Hackers Secure F-35 Fighter Plans
Wednesday, January 2, 2013 @ 05:01 PM gHale
By Richard Sale
U.S. builders of America’s most advanced combat aircraft, the F-35 Joint Strike Fighter, are still frantically rushing to put in place cutting edge technology that would secure the aircraft’s avionics from Chinese hacker attacks, U.S. intelligence sources told ISSSource.
Three years ago, Chinese hackers, part of a military cyber group, also stole plans for the F-22 combat aircraft, the sources said. Both planes are advanced stealth aircraft and are the most advanced and the most expensive in the world.
“I don’t think they saw the attack coming,” said a former senior U.S. intelligence source, adding, “These guys (the U.S. builders of the plane) lack imagination. They don’t act until something bad happens.”
The former senior U.S. intelligence official said the major U.S. contractors of the plane never thought of designing countermeasures that would act to repel China’s extensive hacking programs, and he said they never installed the security equipment. China, who has issued vehement non-denials about the event, long ago created groups of military cyber hackers to pillage intellectual property and military technology. Those units often employed logic bombs and other devices whose purpose is the unauthorized seizure of classified U.S. military or commercial technology.
For years now, Chinese military hackers have been compromising the networks of U.S. defense contractors and the Pentagon, and apparently the F-35 was an easy target.
The initial breach occurred when Chinese hackers penetrated the vulnerable computers of British Aerospace (BAE) and the intrusion occurred with such skill the Chinese ended up monitoring online meetings and technical discussions of the plane, according to news reports. These sources said the attack on BAE lasted 18 months before anyone discovered it. After officials discovered the breach, they haled the program, and it restarted with work on the new expensive security system still ongoing, according to the former U.S. intelligence officials.
BAE, along with Lockheed, Gulfstream Aerospace, a division of General Dynamics, just suffered an attack by the hacker group Anonymous, but the data stolen was of minor importance, U.S. sources said.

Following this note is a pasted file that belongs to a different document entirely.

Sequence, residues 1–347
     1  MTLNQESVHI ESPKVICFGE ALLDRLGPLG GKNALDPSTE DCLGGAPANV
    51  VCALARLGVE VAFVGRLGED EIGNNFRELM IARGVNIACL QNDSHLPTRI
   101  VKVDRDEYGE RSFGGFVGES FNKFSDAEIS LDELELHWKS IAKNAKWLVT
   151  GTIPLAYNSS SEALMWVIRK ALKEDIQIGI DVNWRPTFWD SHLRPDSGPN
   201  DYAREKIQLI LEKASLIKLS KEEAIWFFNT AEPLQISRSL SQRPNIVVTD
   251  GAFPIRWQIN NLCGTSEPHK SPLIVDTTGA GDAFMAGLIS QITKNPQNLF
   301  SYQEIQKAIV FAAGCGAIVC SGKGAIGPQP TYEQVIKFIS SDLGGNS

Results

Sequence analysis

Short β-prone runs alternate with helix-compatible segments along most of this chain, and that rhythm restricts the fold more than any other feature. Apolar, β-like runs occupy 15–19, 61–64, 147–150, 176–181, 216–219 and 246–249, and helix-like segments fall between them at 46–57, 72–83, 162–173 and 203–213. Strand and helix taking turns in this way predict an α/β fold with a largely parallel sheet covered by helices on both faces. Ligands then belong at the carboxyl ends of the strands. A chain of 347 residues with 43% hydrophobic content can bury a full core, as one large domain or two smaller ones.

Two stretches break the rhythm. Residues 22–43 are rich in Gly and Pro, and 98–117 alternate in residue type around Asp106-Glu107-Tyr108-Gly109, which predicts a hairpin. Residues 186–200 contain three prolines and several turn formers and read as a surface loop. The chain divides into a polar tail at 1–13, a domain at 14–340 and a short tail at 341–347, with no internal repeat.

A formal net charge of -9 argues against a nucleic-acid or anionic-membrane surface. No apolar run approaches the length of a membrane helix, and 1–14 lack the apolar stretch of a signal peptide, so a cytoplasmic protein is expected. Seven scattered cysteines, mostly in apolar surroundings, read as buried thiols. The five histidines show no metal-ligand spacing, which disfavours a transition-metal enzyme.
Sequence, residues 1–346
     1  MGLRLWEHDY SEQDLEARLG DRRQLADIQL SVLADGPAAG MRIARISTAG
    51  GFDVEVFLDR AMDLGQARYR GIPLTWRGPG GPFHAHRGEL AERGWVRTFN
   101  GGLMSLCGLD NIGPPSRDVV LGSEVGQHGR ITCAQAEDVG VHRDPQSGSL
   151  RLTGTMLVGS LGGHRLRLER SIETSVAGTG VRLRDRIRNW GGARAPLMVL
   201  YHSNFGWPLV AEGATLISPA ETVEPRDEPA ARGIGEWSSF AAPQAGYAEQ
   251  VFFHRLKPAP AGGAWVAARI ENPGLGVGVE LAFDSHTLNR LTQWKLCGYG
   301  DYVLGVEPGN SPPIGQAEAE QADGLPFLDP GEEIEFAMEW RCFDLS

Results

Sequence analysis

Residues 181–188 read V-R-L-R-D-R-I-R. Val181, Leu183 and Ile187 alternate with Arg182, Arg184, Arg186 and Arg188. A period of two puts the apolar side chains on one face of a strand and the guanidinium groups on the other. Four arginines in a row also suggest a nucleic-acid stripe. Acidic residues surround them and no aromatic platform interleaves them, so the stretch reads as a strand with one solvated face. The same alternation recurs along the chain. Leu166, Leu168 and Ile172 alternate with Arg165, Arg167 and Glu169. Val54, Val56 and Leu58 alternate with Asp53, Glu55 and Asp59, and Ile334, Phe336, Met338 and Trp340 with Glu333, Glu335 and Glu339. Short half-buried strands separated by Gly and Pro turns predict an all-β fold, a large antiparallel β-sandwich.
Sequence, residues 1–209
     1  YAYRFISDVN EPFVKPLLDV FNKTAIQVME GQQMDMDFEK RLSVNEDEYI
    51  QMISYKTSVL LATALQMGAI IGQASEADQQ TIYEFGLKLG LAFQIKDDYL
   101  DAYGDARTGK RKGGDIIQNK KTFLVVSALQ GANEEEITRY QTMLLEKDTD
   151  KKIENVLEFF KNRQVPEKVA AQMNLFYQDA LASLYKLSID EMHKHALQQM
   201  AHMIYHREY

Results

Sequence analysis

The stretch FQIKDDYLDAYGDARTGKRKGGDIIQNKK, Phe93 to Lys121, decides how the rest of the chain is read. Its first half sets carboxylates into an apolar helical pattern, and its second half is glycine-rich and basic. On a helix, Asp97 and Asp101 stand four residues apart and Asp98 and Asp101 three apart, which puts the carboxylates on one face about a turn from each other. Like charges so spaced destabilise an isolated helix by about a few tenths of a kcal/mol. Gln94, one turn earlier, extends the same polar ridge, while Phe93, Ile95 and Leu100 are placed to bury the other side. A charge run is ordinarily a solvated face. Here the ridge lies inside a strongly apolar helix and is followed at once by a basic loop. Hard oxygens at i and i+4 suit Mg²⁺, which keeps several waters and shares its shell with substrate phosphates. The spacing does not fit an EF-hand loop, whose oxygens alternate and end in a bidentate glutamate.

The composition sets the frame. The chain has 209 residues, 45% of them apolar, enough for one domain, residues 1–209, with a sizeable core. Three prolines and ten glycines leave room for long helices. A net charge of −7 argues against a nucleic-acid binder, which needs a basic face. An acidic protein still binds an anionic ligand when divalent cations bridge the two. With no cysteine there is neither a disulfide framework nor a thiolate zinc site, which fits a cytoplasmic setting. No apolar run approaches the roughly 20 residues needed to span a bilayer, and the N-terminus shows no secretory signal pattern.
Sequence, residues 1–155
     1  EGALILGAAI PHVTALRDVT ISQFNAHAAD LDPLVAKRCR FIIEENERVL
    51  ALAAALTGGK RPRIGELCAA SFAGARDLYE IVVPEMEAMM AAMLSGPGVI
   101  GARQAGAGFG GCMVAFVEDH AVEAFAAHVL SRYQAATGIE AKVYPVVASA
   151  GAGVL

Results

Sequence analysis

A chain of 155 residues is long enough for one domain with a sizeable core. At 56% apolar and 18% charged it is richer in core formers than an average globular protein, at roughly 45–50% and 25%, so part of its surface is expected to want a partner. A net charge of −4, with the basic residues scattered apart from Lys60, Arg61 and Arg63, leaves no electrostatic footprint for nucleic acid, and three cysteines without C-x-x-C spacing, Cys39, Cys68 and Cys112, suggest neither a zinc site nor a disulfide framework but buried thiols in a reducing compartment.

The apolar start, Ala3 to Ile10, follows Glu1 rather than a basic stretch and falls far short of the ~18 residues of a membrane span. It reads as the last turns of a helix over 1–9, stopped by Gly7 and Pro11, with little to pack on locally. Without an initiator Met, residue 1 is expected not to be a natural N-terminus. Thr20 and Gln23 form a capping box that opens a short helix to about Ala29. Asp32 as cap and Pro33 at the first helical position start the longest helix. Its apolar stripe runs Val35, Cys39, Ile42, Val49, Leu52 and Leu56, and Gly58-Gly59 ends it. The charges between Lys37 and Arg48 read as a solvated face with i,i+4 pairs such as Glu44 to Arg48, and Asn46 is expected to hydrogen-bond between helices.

In the case of the first F-35 breach, the hack attack did not originally aim for the aircraft, but at another classified program, which sources declined to name. The Chinese hackers targeted the plane’s secure communications and antenna systems, and the intrusion was so widespread it compromised a vast network of U.S. and overseas military subcontractors who were key to the plane’s development. The breach has led to expensive software “rewrites” and other redesigns to safeguard the compromised parts of the plane, said a former U.S. intelligence source. Officials also said trying to fashion remedies to counter the Chinese has led to “Huge overruns on program costs,” resulting in reduced annual purchases and production stretch-outs,” in the words of one U.S. official.
The attack took place three year ago, and the story broke in 2009 by Aviation Week and The Wall Street Journal. Yet the matter festered until last March, when the House Homeland Security Subcommittee on Oversight, Investigations and Management, finally held hearings.
According to news reports, Rep. Michael McCaul (R-Texas) issued a clear warning: “I’ve been dealing with this issue for a long time,” he said. “But I think it’s important that the American people, who most of them don’t understand this issue, have a better idea of what–what is at risk. You know when I look at the theft of intellectual property to the tune of $1 trillion, that’s a serious economic issue for the United States.”
According to Aviation Week and confirmed to ISSSource by U.S. intelligence officials, before the intrusions were discovered nearly three years ago, Chinese hackers “actually sat in on what were supposed to have been secure, online program-progress conferences.”
Only recently have U.S. defense officials begun to discuss the profound damage done to top secret programs by huge data losses, and it is now common knowledge that hacker intrusions have had a huge negative impact on Defense Department program and U.S. national security.
The Chinese attacks on BAE’s computers were similar to the Shady Rat breach which was a five-year-old Chinese hacking venture that looted “trillions of dollars worth of intellectual and corporate data from U.S. companies,” said former U.S. intelligence officials.
Richard Sale was United Press International’s Intelligence Correspondent for 10 years and the Middle East Times, a publication of UPI. He is the author of Clinton’s Secret Wars and Traitors.
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